Did you know an “ideal” blog post is under 600 words?

600 WORDS? How do they expect me to say ANYTHING in 600 FREAKING WORDS???

(Sorry. Got a little bit…er…emotional there for a minute.)

So the question remains: why do some of us naturally “write long”?

In my case, I think that natural tendency has a couple of origins.

First, I love words. I love working with them, tossing them in the air and catching them, finding new ones, learning the meanings of words I’ve seen but never really caught onto, figuring out words form contexts…and word origins? Don’t get me started. There’s a reason dictionaries have the etymology listed next to each word, sometimes in agonizing detail for those of you who only want the definition, thanks, or the correct way to spell or use the thing; the reason for all the Middle English derivations of the Old French adaptation of the original Latin? People like me. :-)

The second reason is connected to my personality, which by nature is both observant and creative, both down-to-earth and contrarian. Meaning?

Someone tells me something they claim is a “fact”—and I say, “How do you know this? Where did you get this information? What do you have to back it up?”

Someone presents a character acting a certain way—and I say, “Why? Why this action, and not another one? What’s brought this on? What motivates this?”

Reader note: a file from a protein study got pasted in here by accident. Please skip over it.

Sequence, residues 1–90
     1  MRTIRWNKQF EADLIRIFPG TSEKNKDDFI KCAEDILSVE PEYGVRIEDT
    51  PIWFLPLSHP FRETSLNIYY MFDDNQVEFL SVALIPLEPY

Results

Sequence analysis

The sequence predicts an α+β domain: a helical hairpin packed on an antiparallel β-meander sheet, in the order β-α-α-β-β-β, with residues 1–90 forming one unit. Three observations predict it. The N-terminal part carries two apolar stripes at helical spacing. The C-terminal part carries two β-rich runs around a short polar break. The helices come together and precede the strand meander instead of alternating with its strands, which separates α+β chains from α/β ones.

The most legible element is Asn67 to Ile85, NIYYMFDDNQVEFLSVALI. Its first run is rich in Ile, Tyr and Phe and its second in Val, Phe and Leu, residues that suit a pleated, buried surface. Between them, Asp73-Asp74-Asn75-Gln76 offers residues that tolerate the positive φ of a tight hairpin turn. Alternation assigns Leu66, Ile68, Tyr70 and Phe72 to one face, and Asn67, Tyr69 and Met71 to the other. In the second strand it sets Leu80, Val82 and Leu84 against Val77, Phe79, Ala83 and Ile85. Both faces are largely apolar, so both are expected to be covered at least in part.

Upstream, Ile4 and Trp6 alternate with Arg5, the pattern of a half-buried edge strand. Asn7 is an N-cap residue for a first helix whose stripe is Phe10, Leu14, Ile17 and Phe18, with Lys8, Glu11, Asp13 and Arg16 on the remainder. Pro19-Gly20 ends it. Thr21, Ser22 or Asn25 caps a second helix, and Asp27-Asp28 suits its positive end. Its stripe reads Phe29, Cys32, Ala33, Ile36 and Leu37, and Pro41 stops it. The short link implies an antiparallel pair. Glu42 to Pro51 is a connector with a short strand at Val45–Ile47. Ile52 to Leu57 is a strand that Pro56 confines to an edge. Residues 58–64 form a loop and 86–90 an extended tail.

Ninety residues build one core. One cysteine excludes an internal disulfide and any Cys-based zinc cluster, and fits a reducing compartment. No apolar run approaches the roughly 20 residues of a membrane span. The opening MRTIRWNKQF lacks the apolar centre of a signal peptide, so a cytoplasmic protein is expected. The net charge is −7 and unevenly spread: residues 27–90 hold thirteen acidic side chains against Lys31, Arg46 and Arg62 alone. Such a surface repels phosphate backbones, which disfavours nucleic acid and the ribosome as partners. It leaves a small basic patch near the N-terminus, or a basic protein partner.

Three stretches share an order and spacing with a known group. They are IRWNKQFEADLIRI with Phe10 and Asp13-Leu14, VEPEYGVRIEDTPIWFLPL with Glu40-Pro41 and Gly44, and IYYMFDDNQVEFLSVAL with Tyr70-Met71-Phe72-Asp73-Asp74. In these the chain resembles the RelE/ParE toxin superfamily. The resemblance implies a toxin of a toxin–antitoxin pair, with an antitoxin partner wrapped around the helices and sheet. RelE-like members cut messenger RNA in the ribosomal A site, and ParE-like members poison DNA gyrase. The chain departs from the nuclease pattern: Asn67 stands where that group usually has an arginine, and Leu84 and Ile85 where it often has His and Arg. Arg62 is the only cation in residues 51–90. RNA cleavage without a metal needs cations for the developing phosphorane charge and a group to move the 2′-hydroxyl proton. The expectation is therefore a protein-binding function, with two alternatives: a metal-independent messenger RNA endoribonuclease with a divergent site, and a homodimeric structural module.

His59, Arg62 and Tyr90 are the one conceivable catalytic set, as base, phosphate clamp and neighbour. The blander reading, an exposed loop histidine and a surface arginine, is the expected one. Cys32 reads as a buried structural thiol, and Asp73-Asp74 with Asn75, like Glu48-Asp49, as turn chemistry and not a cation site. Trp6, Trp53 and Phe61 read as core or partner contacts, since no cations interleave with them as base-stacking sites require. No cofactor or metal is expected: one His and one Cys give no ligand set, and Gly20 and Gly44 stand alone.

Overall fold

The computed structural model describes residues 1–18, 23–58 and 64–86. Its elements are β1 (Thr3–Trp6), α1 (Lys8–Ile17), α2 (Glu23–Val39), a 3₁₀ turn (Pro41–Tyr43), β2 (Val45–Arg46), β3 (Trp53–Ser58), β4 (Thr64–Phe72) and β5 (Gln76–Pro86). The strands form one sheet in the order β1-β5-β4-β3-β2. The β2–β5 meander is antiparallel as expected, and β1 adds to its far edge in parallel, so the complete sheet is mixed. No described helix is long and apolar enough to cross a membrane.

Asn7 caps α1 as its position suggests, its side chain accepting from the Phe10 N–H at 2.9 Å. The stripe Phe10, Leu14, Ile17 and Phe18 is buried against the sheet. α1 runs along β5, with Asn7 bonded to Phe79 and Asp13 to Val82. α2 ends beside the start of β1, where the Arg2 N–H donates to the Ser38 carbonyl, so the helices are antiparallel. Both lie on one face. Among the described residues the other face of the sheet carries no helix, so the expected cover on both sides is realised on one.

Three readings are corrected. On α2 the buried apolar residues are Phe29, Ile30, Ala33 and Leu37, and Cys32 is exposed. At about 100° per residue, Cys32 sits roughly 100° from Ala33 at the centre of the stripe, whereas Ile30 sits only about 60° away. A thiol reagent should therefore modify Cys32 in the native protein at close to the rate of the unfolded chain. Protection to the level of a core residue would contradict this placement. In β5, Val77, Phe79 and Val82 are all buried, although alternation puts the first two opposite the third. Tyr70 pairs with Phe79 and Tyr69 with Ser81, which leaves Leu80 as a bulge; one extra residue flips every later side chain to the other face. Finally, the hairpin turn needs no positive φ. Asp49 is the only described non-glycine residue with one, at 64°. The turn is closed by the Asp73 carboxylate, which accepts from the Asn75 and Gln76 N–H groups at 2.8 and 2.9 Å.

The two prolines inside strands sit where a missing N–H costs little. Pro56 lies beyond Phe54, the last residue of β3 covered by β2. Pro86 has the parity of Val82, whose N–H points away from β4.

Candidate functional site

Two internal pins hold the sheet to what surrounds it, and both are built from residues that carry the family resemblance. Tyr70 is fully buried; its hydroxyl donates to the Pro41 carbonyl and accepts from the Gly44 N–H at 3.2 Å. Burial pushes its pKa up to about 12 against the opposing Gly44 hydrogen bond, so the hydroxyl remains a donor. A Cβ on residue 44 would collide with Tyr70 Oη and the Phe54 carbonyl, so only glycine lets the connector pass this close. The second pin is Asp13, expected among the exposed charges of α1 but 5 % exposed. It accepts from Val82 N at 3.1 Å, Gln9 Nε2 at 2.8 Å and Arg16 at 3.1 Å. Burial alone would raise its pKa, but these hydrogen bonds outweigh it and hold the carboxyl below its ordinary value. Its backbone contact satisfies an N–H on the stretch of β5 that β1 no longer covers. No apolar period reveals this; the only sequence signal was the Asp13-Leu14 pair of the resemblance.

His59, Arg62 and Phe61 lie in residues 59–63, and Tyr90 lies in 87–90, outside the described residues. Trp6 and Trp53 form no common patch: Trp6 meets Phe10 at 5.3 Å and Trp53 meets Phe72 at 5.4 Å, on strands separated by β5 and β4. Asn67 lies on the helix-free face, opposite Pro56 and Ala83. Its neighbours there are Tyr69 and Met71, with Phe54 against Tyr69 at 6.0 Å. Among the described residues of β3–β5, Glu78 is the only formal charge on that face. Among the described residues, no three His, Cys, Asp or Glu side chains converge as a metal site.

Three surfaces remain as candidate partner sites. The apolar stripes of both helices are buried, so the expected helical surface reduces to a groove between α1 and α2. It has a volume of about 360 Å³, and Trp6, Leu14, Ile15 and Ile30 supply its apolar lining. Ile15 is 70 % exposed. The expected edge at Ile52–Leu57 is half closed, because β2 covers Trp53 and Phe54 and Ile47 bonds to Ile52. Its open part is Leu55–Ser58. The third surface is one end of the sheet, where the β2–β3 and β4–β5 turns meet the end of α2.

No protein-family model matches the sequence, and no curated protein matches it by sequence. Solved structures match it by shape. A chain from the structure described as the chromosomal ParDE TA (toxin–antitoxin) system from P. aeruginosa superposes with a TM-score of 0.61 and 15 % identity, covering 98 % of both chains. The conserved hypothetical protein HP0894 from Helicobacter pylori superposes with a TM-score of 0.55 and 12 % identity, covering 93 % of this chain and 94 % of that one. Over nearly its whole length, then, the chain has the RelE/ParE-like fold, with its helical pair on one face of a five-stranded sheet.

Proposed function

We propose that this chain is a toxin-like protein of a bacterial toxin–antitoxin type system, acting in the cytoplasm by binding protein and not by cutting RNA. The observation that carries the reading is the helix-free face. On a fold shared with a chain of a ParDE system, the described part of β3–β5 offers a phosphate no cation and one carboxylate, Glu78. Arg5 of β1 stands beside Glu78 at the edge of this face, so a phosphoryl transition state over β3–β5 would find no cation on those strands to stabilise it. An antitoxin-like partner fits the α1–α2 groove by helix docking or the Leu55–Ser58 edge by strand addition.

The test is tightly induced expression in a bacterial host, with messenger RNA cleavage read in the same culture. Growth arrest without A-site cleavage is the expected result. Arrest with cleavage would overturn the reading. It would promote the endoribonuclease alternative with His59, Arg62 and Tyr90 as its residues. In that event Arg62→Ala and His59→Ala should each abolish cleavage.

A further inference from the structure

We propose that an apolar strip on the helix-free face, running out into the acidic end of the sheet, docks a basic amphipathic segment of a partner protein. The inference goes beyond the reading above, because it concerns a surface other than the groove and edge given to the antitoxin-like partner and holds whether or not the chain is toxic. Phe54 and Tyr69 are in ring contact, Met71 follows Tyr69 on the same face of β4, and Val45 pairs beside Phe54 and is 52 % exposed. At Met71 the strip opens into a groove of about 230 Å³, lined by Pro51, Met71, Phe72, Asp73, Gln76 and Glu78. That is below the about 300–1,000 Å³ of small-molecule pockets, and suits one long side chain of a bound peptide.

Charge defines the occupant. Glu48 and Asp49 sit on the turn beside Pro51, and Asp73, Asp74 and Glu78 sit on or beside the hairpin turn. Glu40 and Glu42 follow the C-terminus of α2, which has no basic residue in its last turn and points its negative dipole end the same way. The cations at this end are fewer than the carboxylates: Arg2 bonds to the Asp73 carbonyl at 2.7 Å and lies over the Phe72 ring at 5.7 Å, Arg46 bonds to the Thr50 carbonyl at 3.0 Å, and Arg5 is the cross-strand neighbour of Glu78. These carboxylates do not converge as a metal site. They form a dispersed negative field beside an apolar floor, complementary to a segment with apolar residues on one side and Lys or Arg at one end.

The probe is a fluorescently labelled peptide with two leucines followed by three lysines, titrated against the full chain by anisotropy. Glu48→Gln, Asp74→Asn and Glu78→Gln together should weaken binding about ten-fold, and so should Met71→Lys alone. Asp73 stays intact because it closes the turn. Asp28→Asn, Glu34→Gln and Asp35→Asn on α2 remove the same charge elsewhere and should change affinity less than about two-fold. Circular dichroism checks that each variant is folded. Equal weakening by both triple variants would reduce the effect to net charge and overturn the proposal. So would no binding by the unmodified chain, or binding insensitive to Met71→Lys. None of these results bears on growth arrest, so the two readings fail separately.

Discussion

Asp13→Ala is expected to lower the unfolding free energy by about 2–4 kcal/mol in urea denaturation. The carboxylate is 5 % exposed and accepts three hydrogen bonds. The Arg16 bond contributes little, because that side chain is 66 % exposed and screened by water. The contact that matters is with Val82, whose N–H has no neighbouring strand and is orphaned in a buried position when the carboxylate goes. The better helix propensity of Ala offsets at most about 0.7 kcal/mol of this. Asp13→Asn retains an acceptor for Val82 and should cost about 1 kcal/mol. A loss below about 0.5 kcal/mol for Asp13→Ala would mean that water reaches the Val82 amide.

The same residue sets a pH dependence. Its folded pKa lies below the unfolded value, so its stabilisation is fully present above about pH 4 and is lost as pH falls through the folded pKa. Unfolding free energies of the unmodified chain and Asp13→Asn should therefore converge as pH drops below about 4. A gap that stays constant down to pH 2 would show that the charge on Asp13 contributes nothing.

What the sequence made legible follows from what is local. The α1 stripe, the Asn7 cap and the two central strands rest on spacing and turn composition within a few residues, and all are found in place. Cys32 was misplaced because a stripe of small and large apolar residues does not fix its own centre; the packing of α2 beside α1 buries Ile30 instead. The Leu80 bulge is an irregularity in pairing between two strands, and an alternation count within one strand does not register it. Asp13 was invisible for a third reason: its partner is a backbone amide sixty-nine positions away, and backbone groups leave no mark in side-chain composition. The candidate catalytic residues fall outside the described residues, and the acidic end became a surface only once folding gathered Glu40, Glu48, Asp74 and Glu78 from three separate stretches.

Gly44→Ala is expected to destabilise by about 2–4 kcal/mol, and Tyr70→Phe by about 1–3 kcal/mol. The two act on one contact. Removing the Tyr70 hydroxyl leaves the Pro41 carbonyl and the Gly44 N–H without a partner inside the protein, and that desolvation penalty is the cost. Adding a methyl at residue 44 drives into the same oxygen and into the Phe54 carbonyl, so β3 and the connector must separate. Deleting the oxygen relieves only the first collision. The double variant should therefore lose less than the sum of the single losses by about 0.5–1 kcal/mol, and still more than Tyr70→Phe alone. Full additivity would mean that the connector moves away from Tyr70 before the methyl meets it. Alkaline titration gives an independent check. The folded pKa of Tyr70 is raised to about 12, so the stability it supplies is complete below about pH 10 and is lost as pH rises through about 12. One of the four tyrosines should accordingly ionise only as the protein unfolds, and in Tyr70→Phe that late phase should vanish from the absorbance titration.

...and so on, and so forth.

Without a doubt, I believe in simple, clear communication. But “simple” and “clear,” by my way of thinking, are not synonyms for “brief.” True communication gives the reader everything he or she needs to know—without skimping, without making unfounded assertions, and without leaving the reader thinking, “But wait. What about—?”

Hence, when I write…I write not only through a subject, but I touch on the fringes of it and the peripherals as well. Because I hate loose ends.

You can see, then, how this style of wanting to cover all bases is, on its face, in conflict with “brief.” For me, the shorter I have to make something, the more convinced I am that Something Important To The Story, Dammit, will be sacrificed…and I’ll have some reader scratching her head saying, “Well, it wasn’t a bad story, but I wish she’d have explained_________ better. I didn’t get that."

Me? I don’t ever want a reader not to “get” my story because I didn’t tell her enough about the details of it.

Just like I don’t want my blog readers not to “get” my point because I don’t explain it completely enough.

Painfully obvious is this, I should think, by now. :-)

So can I write short? Yehhhhs...I can. When I have to.
Is it harder to write short? Yehhhhs…without a doubt. Not so much because when I write short, I have to distill, condense, and narrow my subject matter ‘til it (and I) want to scream...

But because no matter the length of the blog post, the short story, the e-mail, or the novel I write…I will inevitably think of more detail I could have said to make it even better. To make it sing. To make it clear as ice crystals on a pristine lake.
To get it right.

And getting it right is, in the end, what all those words are about. For me, anyway.



Monday, March 01, 2010

Quote For the Day

To be let down by the Church is not a reason to leave her, anymore than to be let down by your family is a reason to give up family life and move to a desert island.

--Fr. Benedict Groeschel, in Arise from Darkness: What to Do When Life Doesn't Make Sense

More to come!